About 20,000 Chadians have fled to neighboring Cameroon to escape fighting between government forces and rebels in the Chadian capital N'Djamena, the UN refugee agency said Tuesday.
"Up to 20,000 people have crossed the river border (between Chad and Cameroon) since Saturday, and as of Tuesday morning, frightened people were still crossing in a continuous flow," Ron Redmond, spokesman for the United Nations High Commission for Refugees (UNHCR), told a news briefing in Geneva.
Redmond said a five-member UNHCR team arrived in the Cameroon border town of Kousseri Monday evening to evaluate the situation and provide help for Chadian refugees.
The UNHCR is also preparing to send two airlift flights this week to Cameroon from its regional aid stockpiles in Dubai, carrying a total of 90 tonnes of relief supplies, enough for some 14,000 refugees.
Meanwhile in eastern Chad, the UNHCR and its partners continue to look after hundreds of thousands of refugees and displaced people.
But continuing security concerns led to Monday's evacuation of 25 non-essential UNHCR staff from its main field operation base at Abeche, Redmond said.
They were among 47 non-essential UN staff and 99 NGO workers flown in two UN planes to Cameroon, he added.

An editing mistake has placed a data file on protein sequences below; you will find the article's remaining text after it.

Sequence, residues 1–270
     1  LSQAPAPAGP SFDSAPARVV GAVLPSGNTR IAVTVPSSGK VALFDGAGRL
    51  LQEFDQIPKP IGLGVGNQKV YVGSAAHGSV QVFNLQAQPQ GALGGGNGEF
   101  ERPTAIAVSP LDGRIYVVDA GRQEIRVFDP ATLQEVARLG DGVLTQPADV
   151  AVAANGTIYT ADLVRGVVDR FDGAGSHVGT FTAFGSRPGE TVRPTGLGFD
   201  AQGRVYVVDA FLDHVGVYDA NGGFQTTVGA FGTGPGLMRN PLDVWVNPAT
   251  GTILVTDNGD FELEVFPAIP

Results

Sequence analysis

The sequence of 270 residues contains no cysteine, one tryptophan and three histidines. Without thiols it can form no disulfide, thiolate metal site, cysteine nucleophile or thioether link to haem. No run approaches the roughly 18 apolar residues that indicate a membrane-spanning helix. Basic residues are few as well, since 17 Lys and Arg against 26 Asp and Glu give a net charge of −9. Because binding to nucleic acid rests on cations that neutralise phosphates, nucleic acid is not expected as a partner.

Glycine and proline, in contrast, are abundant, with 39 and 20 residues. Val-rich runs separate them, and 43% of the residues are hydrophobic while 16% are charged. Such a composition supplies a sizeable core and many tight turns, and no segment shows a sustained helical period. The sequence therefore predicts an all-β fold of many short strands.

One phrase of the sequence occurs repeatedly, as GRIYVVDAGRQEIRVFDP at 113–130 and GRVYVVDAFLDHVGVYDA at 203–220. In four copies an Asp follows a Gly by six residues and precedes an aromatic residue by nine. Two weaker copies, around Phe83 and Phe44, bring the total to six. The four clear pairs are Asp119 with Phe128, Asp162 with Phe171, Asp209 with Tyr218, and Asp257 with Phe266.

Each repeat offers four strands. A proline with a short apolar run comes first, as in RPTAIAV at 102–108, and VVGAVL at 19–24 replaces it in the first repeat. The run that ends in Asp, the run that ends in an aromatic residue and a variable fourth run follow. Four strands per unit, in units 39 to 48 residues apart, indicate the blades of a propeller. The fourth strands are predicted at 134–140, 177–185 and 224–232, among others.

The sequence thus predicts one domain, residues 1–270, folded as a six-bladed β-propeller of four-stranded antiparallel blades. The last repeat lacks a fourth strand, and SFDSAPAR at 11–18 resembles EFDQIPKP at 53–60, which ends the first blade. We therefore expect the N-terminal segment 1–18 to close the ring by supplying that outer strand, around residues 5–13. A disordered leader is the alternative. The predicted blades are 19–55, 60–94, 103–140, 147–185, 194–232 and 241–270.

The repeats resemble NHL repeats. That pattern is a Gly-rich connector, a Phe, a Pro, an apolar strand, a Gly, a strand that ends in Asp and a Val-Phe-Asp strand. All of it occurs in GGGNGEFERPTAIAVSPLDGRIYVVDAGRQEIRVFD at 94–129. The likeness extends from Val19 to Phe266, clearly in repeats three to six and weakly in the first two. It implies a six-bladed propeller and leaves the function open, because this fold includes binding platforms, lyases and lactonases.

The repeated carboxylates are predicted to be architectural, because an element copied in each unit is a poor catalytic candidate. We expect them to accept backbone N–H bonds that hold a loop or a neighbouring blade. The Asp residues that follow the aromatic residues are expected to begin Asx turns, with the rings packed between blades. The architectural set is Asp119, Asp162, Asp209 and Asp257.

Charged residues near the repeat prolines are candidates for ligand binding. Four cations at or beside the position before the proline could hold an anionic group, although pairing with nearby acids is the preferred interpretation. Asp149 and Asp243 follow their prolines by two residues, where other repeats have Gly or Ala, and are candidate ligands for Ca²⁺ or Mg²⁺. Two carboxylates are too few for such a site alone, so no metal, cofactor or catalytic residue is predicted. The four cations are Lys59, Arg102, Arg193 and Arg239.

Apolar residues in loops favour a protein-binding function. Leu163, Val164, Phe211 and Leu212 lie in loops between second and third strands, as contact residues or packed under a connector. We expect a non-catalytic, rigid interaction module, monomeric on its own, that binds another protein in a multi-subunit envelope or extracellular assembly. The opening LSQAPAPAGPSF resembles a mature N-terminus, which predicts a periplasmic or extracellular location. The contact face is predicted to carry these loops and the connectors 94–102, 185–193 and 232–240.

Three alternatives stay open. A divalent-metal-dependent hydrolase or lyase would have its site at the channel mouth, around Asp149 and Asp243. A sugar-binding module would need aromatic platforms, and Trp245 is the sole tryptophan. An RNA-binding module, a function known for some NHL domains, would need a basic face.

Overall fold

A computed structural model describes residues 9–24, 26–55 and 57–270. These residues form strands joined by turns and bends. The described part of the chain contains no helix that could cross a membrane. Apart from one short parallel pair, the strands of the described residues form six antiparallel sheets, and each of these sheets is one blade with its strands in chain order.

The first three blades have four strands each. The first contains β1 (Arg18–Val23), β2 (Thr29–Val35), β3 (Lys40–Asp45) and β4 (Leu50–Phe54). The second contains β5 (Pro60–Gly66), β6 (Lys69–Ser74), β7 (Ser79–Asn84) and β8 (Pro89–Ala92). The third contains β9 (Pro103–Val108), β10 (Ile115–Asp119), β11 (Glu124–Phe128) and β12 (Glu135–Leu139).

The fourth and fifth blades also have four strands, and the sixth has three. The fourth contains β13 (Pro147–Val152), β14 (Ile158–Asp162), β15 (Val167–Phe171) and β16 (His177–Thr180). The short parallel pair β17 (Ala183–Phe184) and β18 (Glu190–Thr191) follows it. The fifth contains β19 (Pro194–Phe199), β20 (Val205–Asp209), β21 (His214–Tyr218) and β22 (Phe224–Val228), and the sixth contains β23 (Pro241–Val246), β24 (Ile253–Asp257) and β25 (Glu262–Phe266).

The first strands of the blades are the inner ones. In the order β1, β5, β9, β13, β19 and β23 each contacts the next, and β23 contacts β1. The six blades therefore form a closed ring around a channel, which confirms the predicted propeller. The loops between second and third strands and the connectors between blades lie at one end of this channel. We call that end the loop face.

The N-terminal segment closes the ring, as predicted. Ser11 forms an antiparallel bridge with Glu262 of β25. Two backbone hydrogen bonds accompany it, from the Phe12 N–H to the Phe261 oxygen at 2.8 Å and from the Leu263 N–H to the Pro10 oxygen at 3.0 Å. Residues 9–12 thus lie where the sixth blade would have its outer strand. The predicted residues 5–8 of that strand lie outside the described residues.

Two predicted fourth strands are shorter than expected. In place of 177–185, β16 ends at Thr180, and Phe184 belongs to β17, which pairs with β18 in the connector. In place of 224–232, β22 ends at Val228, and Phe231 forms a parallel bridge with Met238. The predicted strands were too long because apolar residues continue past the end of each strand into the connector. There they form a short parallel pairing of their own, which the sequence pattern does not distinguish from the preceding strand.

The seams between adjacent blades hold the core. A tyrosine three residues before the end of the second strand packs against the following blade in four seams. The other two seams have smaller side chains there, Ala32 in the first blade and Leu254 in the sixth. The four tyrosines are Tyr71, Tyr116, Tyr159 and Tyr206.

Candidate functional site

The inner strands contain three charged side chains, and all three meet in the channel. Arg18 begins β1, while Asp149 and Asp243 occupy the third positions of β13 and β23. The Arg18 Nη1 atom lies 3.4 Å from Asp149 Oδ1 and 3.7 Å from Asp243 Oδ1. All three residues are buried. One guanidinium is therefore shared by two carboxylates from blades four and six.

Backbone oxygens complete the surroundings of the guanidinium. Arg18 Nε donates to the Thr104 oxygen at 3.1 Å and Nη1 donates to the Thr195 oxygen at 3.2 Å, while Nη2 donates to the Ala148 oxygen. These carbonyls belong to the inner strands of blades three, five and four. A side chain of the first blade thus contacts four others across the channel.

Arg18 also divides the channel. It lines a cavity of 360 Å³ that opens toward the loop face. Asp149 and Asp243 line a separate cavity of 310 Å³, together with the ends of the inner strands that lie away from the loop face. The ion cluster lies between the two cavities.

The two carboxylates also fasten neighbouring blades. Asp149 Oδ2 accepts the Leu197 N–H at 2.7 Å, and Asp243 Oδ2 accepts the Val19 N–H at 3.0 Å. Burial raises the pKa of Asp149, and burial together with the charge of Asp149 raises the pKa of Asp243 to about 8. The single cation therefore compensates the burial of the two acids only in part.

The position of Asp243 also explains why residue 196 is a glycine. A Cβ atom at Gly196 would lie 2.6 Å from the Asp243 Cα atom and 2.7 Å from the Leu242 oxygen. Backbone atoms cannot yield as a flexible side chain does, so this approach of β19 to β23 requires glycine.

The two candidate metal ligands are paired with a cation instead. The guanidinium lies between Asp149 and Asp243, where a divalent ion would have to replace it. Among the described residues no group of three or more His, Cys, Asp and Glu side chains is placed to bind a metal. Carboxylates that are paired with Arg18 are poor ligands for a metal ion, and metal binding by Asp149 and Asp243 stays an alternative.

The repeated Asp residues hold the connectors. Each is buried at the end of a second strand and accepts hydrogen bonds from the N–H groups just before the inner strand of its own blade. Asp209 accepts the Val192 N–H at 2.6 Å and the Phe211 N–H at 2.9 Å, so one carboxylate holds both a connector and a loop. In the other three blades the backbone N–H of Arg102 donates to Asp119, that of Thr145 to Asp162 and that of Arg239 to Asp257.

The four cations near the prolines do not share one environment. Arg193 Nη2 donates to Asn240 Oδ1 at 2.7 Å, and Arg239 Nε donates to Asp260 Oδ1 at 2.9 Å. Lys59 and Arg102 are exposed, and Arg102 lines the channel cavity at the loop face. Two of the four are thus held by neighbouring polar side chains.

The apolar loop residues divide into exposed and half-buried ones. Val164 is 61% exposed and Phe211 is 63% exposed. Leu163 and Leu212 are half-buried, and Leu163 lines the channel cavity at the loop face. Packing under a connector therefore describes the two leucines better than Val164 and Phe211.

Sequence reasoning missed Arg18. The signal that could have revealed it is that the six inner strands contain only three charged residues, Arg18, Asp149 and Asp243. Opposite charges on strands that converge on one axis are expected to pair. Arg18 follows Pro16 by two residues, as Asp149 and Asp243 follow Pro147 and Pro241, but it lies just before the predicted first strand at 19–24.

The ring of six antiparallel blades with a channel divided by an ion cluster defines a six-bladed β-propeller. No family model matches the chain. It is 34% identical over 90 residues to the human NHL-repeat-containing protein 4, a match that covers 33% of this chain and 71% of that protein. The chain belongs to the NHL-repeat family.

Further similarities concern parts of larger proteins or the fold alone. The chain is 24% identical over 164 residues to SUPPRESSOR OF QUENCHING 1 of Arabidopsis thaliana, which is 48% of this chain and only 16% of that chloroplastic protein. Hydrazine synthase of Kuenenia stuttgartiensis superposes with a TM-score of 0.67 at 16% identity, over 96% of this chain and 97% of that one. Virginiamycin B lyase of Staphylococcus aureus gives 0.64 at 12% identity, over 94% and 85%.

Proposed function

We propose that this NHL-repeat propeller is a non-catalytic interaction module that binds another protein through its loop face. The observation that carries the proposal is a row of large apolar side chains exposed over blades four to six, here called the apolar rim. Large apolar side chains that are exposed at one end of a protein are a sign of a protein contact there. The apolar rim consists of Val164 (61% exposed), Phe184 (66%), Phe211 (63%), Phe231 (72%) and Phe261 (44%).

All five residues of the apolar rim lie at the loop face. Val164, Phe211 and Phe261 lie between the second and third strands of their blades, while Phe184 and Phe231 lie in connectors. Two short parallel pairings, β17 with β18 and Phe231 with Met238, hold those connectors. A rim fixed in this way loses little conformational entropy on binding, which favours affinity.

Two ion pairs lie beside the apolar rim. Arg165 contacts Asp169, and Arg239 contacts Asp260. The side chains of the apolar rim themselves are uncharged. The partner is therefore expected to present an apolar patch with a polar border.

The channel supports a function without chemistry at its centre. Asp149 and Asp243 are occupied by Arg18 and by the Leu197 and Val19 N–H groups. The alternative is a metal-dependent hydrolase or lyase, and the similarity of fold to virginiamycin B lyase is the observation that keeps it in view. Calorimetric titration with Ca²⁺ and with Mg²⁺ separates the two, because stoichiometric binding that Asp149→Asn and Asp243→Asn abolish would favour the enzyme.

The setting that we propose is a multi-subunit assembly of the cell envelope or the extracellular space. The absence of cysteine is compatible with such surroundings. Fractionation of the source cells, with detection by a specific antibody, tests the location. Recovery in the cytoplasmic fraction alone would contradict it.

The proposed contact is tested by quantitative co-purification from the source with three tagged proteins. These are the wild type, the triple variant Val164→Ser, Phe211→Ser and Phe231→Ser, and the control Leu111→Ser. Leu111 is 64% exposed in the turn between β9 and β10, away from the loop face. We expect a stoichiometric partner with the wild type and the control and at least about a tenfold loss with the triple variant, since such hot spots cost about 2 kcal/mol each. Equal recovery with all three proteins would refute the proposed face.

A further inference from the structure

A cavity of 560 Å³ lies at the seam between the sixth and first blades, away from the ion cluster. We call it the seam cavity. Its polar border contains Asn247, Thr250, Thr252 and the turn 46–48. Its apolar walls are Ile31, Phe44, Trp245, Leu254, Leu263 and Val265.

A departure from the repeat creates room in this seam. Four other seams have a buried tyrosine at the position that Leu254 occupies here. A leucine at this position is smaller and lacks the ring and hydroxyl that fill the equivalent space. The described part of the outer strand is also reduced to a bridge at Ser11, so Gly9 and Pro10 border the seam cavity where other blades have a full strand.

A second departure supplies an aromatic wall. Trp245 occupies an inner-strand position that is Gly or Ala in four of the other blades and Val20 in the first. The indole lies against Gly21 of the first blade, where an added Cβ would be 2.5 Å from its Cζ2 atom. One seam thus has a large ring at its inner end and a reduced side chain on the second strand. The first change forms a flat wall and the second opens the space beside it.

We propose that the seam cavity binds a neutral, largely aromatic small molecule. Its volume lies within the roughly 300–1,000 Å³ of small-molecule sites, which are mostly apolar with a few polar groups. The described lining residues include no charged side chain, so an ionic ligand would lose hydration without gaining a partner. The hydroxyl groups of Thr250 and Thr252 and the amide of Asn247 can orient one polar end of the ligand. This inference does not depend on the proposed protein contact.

The UNHCR and its partners are operating some 12 large refugee camps in eastern Chad with some 240,000 Sudanese refugees who have fled Sudan's Darfur region.
Heavy fighting broke out on Feb. 1 near N'Djamena between government security forces and armed rebels in an attempt to overthrow President Idriss Deby, arousing grave concerns around the world.
Chad, a French colony until 1960, has been convulsed by civil wars and invasions since its independence, and the recent discovery of rich oil deposits has only intensified the struggle for power in the largely desert country.
The most recent series of rebellions began in 2005 in the eastern part of the country and one Chadian rebel group launched a failed assault on N'Djamena in April 2006.